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Dry Mouth Problems

05.10.2014 · Posted in Dental

A dry mouth problem is not as simple as feeling thirsty. Also called xerostomia, this condition commonly results when the mouth experiences a reduction in the production of saliva. A constantly dry mouth can lead to other dental problems if it is not treated properly and early, and may also be a symptom of other health conditions. Keeping the mouth properly hydrated by drinking water is just one of the ways to ensure that saliva production is not significantly reduced, which may in turn result to the accumulation of harmful bacteria in the mouth.


Aside from the perpetual feeling of being thirsty, a dry mouth problem can also lead to the development of mouth sores or mouth ulcers. The decrease in saliva production leads to a raw and painful tongue. Cracked lips are also common in people who suffer from dry mouth problems. Bad breath is another concern common in people who have decreased saliva production, since the food debris inside the mouth are not washed away by the saliva. A person who suffers from insufficient hydration inside the mouth will also find it difficult to speak, swallow, or chew properly, and a bad taste may often be experienced inside the mouth regardless of the food consumed.

Dry Mouth Causes

Stress – A person who is under stress may undergo hormonal changes, which can cause the mouth to become dry and feel parched all the time.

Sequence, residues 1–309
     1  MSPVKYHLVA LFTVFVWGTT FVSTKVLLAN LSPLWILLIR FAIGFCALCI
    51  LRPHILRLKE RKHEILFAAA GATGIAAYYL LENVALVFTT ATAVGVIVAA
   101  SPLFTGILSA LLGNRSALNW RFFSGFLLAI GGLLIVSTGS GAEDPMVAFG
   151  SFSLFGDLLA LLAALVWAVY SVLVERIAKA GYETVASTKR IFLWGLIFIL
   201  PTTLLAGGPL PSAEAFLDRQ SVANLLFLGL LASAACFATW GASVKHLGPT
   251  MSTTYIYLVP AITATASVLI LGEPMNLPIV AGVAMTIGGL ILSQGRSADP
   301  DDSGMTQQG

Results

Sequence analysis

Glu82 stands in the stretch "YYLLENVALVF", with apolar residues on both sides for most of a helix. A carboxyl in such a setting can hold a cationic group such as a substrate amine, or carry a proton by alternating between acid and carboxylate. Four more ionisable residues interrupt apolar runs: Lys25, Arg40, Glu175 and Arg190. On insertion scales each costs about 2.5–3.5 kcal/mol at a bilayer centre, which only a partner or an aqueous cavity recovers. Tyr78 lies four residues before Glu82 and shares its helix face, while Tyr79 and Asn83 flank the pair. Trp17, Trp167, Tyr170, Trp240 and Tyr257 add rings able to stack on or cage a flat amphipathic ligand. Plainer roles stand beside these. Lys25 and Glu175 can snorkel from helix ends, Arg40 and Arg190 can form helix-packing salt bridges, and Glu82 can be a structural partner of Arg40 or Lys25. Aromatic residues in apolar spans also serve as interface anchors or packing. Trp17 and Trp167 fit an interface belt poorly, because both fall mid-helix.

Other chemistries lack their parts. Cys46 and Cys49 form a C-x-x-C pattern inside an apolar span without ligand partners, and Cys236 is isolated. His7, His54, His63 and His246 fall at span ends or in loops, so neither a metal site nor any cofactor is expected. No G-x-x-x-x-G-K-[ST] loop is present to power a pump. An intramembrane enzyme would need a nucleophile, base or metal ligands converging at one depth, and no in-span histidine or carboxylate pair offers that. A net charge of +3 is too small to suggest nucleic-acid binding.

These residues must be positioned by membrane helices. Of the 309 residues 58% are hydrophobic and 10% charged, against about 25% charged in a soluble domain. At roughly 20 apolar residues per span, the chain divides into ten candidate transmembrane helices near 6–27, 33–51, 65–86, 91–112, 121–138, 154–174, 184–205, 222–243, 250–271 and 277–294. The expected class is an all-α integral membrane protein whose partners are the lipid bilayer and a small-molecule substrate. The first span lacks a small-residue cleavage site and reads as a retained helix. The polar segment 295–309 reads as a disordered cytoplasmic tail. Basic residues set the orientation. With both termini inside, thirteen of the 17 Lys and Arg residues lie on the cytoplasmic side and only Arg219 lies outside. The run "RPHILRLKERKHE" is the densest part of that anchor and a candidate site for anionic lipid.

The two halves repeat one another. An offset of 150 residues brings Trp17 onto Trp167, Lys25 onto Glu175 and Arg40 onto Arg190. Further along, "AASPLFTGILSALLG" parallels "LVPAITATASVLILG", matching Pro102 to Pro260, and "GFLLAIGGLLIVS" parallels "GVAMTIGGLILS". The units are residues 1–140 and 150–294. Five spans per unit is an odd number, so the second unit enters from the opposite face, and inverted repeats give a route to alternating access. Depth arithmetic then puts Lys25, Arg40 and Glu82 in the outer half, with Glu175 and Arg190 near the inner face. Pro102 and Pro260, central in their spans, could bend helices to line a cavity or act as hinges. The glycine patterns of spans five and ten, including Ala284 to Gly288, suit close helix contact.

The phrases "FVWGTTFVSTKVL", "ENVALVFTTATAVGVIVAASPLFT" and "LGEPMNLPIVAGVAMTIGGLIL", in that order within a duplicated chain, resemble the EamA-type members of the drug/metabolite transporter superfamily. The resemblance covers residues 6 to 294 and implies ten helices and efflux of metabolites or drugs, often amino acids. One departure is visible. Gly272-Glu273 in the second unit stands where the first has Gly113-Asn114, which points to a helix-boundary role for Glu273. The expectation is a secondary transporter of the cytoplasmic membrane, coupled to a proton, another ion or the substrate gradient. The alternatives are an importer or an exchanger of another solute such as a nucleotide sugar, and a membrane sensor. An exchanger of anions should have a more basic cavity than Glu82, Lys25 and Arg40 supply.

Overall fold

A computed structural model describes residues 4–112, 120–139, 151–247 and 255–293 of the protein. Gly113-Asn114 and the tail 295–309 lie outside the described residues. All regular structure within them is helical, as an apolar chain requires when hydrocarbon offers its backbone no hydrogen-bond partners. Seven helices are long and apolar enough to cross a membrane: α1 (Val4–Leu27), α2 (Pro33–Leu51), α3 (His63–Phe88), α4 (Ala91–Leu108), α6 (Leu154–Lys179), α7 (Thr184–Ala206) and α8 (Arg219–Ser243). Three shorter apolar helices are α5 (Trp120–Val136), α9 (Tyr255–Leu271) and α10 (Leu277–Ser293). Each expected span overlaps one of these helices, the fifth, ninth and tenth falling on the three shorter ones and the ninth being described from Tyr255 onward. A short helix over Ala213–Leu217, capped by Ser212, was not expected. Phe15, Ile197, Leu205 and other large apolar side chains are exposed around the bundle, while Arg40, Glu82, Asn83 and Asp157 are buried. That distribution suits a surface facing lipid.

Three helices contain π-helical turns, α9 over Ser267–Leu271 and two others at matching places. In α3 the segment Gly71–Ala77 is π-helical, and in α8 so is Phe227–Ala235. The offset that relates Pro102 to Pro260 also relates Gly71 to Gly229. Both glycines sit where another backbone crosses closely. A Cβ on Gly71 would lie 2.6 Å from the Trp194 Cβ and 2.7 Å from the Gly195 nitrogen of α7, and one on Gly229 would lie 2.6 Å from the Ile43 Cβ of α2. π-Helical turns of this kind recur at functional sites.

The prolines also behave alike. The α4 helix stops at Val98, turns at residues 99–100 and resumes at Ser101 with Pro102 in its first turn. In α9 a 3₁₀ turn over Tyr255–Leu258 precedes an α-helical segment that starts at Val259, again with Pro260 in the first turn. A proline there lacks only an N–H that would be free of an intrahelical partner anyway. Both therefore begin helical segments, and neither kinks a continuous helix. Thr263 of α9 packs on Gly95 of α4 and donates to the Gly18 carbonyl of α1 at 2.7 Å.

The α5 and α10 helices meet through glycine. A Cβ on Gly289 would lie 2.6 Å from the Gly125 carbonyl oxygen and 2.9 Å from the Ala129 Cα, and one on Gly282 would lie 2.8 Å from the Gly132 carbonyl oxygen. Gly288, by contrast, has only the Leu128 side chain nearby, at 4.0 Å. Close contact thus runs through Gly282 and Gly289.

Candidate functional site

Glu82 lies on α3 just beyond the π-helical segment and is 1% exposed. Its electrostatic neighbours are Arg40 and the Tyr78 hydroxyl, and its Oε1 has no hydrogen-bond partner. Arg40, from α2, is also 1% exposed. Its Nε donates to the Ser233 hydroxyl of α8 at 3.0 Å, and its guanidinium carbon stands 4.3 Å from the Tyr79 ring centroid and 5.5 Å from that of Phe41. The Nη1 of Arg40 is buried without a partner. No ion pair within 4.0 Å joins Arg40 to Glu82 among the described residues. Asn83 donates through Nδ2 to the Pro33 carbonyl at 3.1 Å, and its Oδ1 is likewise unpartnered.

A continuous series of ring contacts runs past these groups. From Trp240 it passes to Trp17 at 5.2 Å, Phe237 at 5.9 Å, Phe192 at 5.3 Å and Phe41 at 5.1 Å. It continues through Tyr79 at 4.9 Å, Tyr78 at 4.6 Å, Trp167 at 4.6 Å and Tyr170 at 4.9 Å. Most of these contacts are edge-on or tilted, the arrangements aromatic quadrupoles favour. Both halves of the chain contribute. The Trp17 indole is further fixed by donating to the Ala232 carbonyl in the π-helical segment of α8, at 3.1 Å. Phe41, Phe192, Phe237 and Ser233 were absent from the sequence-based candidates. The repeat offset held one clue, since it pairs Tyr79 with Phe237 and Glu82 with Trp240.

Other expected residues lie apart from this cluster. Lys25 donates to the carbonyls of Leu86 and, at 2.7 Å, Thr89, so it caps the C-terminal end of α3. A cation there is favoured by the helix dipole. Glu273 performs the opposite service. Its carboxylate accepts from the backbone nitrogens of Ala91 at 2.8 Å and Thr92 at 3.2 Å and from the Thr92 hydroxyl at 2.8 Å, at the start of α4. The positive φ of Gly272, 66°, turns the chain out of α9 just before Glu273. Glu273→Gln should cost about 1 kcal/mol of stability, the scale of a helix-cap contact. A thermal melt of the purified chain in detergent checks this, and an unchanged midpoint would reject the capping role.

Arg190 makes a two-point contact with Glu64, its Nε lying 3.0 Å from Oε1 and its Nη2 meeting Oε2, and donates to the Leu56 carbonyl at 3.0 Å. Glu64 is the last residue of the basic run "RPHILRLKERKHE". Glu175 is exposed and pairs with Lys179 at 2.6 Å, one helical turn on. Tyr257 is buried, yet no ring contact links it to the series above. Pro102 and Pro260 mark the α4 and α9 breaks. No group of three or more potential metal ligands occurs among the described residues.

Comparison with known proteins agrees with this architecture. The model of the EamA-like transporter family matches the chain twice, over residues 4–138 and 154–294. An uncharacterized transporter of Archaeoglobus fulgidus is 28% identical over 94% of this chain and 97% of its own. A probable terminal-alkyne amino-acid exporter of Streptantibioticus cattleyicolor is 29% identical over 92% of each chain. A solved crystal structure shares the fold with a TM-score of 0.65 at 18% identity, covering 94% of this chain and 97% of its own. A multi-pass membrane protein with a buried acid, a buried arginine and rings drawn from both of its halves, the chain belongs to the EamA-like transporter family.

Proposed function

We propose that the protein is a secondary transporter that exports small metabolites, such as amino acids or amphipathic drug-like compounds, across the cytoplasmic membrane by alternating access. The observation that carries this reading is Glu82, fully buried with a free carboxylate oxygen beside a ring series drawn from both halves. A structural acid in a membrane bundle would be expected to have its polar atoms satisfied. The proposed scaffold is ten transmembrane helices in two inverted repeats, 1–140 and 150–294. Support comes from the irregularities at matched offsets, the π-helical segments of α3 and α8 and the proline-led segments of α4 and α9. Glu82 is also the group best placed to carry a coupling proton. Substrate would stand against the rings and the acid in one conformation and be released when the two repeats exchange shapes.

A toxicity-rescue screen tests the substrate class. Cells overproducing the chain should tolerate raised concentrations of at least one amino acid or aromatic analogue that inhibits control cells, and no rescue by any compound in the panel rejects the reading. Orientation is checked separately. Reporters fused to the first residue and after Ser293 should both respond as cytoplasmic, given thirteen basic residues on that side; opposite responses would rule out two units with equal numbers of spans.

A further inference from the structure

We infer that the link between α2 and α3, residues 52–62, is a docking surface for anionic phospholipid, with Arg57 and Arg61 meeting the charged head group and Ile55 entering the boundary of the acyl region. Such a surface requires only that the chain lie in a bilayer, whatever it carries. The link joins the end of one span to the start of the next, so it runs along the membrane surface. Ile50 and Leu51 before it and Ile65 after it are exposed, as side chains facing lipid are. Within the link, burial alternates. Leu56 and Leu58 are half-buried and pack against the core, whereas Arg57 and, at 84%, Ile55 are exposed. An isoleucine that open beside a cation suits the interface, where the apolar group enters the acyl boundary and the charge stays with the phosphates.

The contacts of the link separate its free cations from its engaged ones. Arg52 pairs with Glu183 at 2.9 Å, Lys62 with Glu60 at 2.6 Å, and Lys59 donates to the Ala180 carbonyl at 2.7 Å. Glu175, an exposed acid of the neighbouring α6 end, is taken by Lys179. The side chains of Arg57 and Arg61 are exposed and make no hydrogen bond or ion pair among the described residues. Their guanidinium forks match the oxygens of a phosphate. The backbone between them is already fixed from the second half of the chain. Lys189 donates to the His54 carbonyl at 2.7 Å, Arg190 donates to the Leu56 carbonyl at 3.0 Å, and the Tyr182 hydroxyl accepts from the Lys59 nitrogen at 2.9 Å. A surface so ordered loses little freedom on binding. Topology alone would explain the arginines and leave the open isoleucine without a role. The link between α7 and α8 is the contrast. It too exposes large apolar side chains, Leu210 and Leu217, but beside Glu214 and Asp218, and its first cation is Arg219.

Dehydration – Not drinking enough liquids to keep the mouth hydrated (especially water) can lead to a very thirsty or parched mouth feeling.

Medications – Taking medications such as antihistamines, non-steroidal anti-inflammatory drugs, antidepressants, and blood pressure medicine can lead to side effects that include dry mouth symptoms. Sedatives and muscle relaxants can also have side effects that include decreased saliva production.

Health Conditions – The parched feeling inside the mouth can also be caused by medical conditions such as diabetes, autoimmune disorders (systemic lupus erythematosus, rheumatoid arthritis, Sjögren’s syndrome).

Smoking – Smoking cigarettes and using tobacco products dry up the saliva inside the mouth. Radiation and Chemotherapy – One of the side effects from chemotherapy and radiation treatments is the drying up of the mouth, which is the reason why patients who undergo these treatments often complain of painful mouth ulcers or mouth sores.

Nerve Damage – Nerve damage (from surgical procedures, accidents, or other injuries) to the head or neck areas can contribute to the decrease in the production of the salivary glands.

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